Co-working in China in going public

Flats are small in China’s big cities. No wonder ambitious entrepreneurs there like the wide-open vibe of co-working spaces. Ucommune, the biggest rival to WeWork in China, plans to raise up to $200 million in a US initial public offering next year. The Beijing-based office specialist has some big investors including Sequoia Capital and Ant Financial. Unlike SoftBank-backed WeWork, Ucommune should get a more grounded market valuation. Ucommune does share traits with its rival. Both lease buildings long-term, then sub-let space in them short-term to companies, often start-ups. Both have grown in Asia through acquisitions… But the similarities end there. Ucommune’s edge in China comes from its ties to property developers… These relationships should mean more flexibility and negotiating power for its tenancies. The company claims 80 per cent of the its offices do make money. Revenue more than doubled last year… Ucommune has a smaller portfolio… WeWork has about a quarter more space but generates losses. Then again, on its most recent private market valuation of $3 billion for Ucommune looks more of a real estate company rather than a frothy tech group like WeWork at $47 billion… For those keen on the Chinese co-working market, Ucommune may well appeal. If it has the modernity of WeWork at a fraction of the price, so much the better.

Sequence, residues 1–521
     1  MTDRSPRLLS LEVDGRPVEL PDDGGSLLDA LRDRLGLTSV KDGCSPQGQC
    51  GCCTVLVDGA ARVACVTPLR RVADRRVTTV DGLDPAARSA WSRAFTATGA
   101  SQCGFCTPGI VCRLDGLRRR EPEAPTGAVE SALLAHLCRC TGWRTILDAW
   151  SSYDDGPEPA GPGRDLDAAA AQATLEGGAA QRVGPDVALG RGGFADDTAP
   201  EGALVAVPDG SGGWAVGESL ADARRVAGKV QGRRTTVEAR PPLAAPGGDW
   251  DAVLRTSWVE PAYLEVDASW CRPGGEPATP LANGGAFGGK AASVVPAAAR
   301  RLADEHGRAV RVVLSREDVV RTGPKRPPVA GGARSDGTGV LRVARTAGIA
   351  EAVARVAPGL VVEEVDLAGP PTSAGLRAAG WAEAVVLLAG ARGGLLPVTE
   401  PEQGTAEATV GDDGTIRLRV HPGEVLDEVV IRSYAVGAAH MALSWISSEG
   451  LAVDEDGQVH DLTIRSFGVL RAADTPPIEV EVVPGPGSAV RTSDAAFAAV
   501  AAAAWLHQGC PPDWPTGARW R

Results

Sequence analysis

Lex.

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